Karl has announced that his excellent Network Documentation Book/CD is no longer going to be available but it’s had a major impact on what many of us do. In fact, Karl has had a major impact and if there’s people of "high value" that other colleagues talk of then Karl is one of them. I’ve personally used his comments about Community on the Microsoft OEM Roadshow last year and they have been an inspiration for me to be involved. So to be mentioned in his blog post is fantastic, but again Karl makes a key point which is
The community of SMB Consultants and Small Business Specialists has dramatically raised the bar of professionalism within our profession.
Even this great book was not Karl’s best work nor the Service Agreements for SMB Consultants book, for me it was the SMB SAN Primer. An absolutely excellent title on using SANs, setting up/configuring them for an SMB scenario. It was a book way before its time and remains so …but it will have its time. I will put money on this and if you haven’t got a copy get one quick! It might just make you rethink what you do and how you deploy things.
SANs have been coming down in price all the time and it was no coincidence that Dell bought Equallogic.
As great as WPC was, there was one regret for me that Karl wasn’t there.
Now, before you get too excited I think this is US only. But there are details of an Autotask offer to SBSC Partners which I believe is quite interesting and after David Salzberg of Autotask came to our SBS Group meeting, I understand this might arrive in the UK sometime as well.
If you’d be interested in this being available in the UK, then maybe leave a comment and I can try and feed this back to Autotask.
To be honest I had never heard of this until the recent Kaseya meeting at our SBS Group. It sounded pretty cool and actually very useful. It is the ability of the latest Kaseya offerings to monitor and control machines which have the Intel vPro Technology regardless of power state and regardless of the Operating System. Don’t ask me how it does it, for all I know it’s done by telepathy or something
I came across this a while back and meant to blog it. Microsoft has a set of Resources on the Partner Portal for Managed Services which includes such things as the Managed Services Handbook which is described as a set of guidances for how to develop, market and sell a Managed Services offering to your customers. They have presentations for to help customers understand the value of your Managed Services offerings. There’s a load of templates to use as well. It’s amazing what you find on the Portal sometimes!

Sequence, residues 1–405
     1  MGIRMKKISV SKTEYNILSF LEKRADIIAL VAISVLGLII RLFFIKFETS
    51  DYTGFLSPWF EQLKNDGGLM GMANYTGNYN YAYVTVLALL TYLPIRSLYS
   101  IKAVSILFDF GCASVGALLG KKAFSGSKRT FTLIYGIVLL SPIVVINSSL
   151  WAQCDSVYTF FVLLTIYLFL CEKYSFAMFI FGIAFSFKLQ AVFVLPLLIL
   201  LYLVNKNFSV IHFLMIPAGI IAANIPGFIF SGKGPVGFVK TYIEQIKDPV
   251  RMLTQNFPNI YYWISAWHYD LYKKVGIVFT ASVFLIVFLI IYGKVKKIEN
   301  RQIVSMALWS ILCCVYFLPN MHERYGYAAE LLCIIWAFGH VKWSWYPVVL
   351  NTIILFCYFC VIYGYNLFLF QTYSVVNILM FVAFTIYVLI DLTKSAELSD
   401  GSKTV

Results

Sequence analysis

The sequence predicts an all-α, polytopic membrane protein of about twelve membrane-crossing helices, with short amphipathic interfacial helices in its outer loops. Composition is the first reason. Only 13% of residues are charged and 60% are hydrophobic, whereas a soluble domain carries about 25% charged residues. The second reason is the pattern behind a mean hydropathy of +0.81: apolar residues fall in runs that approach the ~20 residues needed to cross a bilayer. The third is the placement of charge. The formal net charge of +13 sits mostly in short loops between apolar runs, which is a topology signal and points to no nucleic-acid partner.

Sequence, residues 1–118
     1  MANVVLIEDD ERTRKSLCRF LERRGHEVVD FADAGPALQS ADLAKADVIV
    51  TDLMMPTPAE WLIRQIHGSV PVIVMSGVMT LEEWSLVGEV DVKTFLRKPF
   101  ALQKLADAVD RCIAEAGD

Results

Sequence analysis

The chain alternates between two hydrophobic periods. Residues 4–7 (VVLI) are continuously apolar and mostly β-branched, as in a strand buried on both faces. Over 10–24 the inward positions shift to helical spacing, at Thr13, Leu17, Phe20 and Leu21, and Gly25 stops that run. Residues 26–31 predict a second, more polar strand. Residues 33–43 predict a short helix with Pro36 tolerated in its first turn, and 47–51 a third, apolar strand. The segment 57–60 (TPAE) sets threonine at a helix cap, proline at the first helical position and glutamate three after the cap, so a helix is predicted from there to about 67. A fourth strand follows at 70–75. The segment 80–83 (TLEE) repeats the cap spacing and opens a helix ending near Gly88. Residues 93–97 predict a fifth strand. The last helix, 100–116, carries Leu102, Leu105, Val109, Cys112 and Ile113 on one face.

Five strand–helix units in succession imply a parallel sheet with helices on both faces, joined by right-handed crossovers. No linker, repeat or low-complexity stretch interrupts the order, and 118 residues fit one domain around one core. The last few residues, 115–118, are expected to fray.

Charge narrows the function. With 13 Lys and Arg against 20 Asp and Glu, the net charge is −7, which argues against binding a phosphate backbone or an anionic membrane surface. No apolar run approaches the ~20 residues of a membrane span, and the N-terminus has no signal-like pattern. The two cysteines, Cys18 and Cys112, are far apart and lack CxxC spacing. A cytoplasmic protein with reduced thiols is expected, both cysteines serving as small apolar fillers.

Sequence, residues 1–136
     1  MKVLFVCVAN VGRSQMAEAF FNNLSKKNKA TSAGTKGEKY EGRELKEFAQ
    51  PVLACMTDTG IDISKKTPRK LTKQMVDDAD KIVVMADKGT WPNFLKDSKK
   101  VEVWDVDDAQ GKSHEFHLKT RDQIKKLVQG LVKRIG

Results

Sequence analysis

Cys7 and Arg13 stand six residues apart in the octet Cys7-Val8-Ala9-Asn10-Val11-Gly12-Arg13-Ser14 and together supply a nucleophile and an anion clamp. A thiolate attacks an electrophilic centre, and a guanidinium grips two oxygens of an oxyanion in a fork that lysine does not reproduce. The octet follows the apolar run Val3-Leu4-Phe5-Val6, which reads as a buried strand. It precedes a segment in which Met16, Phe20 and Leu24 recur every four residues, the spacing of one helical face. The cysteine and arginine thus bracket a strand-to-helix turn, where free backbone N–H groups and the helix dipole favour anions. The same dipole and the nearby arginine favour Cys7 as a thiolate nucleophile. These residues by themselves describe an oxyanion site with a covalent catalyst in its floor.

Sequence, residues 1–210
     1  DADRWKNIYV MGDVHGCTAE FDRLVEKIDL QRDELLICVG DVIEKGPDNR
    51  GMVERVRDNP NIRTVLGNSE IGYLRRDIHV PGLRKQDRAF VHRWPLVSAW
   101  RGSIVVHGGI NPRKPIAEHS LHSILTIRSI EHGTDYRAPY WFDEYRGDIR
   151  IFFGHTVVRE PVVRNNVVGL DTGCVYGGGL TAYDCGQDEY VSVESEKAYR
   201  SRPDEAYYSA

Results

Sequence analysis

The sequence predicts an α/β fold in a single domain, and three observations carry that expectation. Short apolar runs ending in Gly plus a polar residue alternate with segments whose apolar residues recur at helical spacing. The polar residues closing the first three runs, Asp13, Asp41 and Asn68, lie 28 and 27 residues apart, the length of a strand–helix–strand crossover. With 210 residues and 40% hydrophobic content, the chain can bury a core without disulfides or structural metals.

This was one of the hot topics from the SBSC Symposia and I recently attended a seminar run by Bull Terrier Systems regarding their hosted Kaseya solution. There are some good solutions out there such as Level Platforms, Kaseya and Hound Dog but I have a problem with these. Since Microsoft mandated that all new products should have a MOM Management Pack, then I would like a solution which plugs in to this. Running MOM for SBSers has been a problem, because the solution has to be cost effective and work over a multi-domain environment where there is no trust relationship between these domains. Microsoft’s System Center Essentials 2007, holds out some hope for those running SBS boxes for customers, although this product is currently in Beta 2.
You know what it is like looking at event logs, they can be very esoteric (that’s the way developers are when reporting back errors to users!). Anything which actually allows a deeper understanding of what’s gone wrong and how to fix it is a good thing. Also, SBS 2003, does a great job out of the box for having a managed services approach and is one of the key reasons to chose it over something like Linux.